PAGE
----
Question time: economic recovery for regional NSW
12th May 2020
Mr GREG PIPER (Lake Macquarie) (16:23:03): My question is directed to the Premier. In order to ensure the economic recovery of New South Wales is equitable throughout the area, including regions, will the Premier explain to the House what her Government will be doing to ensure that areas such as Lake Macquarie, Newcastle and the Hunter are not left behind?
Ms GLADYS BEREJIKLIAN (Willoughby—Premier) (16:23:28): I thank the member for Lake Macquarie for his question and acknowledge that his community experienced a cluster of cases very unexpectedly. I thank the health workers in his community who managed to support the community in controlling the spread and reducing the spread. Having discussed that matter specifically with the Deputy Premier and other colleagues it has guided our decision about the issues we need to look at in relation to regional New South Wales in particular, how we manage the health aspects and how we manage the economic recovery to make sure we find the right balance at the right time.
Many of our regional communities at this stage are immune from having any cases, but we know that can change in an instant. I acknowledge everybody who supported those people and supported that context to make sure it did not spread. Let me assure the member for Lake Macquarie that the regions are foremost in our mind, as is supporting the most vulnerable throughout the community. A few examples I am happy to share with the House are, as you know, the JobKeeper support package, which is one of the most inspired areas of public policy I have ever seen in my public life. But it did not cover, for example, council employees.
The New South Wales Treasurer, on the advice of the local government Minister, made sure we were able to extend a very generous contribution to local government so that they could keep employees onboard. I know it had a disproportionate advantage for regional New South Wales because many people employed in regional communities are employed by major government institutions including local government. That ensured that we played our part in rural and regional New South Wales. In the same vein the Deputy Premier, Minister Marshall and others were able to lobby the Treasurer to provide an extension of drought funding, which was announced on the weekend.
We appreciate that even though our communities have to deal with the fear and the anxiety associated with COVID, many regional communities are also still dealing with the consequences of drought. Even for those communities who have had some rain and are emerging out of the deep drought, the supply chains are still disrupted in rural and regional communities and some communities, such as yours, are impacted because the supply chains are disrupted and jobs are impacted. Another important initiative that our Government took that has a disproportionate advantage in regional and rural New South Wales is bringing forward those smaller projects to make sure we keep people employed and create new opportunities for employment.
More broadly, Minister Ward recently announced a package for volunteers and for those who might be at risk of homelessness. Again, we know that people on low wages or perhaps now on no wages, in particular in the regions, are suffering. We supported non-government organisations and councils to ensure that volunteers who are able to, who might have spare time on their hands at the moment, can be engaged to support communities in that regard. There are a number of other statewide policies that we have announced that support our rural and regional communities. Please know the virus is indiscriminate. It can attack anyone, anytime, anywhere. Also, the economic consequences of this pandemic are indiscriminate. We have seen entire sectors, entire communities, literally on their knees because of what is occurring.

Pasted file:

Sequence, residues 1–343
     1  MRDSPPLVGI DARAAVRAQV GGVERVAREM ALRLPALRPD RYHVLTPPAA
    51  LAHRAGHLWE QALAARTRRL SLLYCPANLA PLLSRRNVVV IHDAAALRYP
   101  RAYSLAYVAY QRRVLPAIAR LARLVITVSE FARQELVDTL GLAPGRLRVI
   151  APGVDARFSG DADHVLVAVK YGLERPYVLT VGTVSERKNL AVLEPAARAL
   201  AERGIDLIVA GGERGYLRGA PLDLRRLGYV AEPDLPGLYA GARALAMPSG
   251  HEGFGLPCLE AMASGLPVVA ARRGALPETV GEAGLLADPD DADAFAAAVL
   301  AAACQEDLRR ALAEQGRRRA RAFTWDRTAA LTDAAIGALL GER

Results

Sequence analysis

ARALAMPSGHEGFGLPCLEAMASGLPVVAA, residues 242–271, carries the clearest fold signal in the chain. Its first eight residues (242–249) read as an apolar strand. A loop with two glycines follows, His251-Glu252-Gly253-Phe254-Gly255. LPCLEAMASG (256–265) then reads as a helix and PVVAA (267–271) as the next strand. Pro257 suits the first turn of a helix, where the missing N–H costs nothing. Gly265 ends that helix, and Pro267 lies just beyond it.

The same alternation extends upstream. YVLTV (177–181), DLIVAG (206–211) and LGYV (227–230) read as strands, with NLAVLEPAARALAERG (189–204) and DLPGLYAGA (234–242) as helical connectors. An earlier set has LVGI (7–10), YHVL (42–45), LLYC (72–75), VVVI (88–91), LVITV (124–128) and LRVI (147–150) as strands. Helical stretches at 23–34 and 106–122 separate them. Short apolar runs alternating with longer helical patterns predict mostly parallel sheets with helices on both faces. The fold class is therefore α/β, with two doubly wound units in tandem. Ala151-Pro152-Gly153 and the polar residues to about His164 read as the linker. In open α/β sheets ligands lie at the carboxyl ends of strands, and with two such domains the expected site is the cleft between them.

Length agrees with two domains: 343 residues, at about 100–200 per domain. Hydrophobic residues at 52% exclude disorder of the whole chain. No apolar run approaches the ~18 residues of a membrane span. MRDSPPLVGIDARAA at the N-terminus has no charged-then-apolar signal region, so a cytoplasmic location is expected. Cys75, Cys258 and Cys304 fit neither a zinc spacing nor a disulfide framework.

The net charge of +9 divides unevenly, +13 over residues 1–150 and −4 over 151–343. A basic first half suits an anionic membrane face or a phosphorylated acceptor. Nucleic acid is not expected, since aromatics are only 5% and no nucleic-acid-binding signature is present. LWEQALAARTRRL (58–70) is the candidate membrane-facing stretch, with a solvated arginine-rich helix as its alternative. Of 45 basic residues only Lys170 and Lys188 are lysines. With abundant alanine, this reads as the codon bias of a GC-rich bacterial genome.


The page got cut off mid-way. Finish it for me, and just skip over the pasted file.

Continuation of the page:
The member for Lake Macquarie raises an issue that all of us worry about in our own electorates: We worry about the wellbeing of those we represent. I ask every member of this House: If there are examples in your communities where there are specific pockets of disadvantage that we may not have cast our attention to please do not hesitate to let Government members know; please do not hesitate to approach Ministers. This is a time when all of us should come together to make sure we are addressing and dealing with those issues for those who are most vulnerable. The Minister for Mental Health announced a very important package to support those who may never before in their life have experienced anxiety and never before in their life felt the pressure they do now. It is an anonymous and supportive way in which people can come forward and receive that help and support. I know this issue is important to the member for Lake Macquarie, because he has raised it in this House a number of times, given his background as a mental health nurse.
We know that all of us have had to adjust our lives in ways in which we never expected to. Please know that no Government is perfect and certainly we are far from perfect, but please know that at every stage of the pandemic we have tried to make sure that we have addressed support to each area of society, to each sector so that nobody is left behind. We know that the consequences are that some people are suffering more than others. Our aim as a Government is to make sure we extend that support and reduce those barriers for people being able to have a good quality of life as all of us make our way through this protracted issue. I thank the member for his question and assure him that the question could be asked by any member of this place. We are very cognisant of the issue he raises.
Website: Read full Parliamentary debate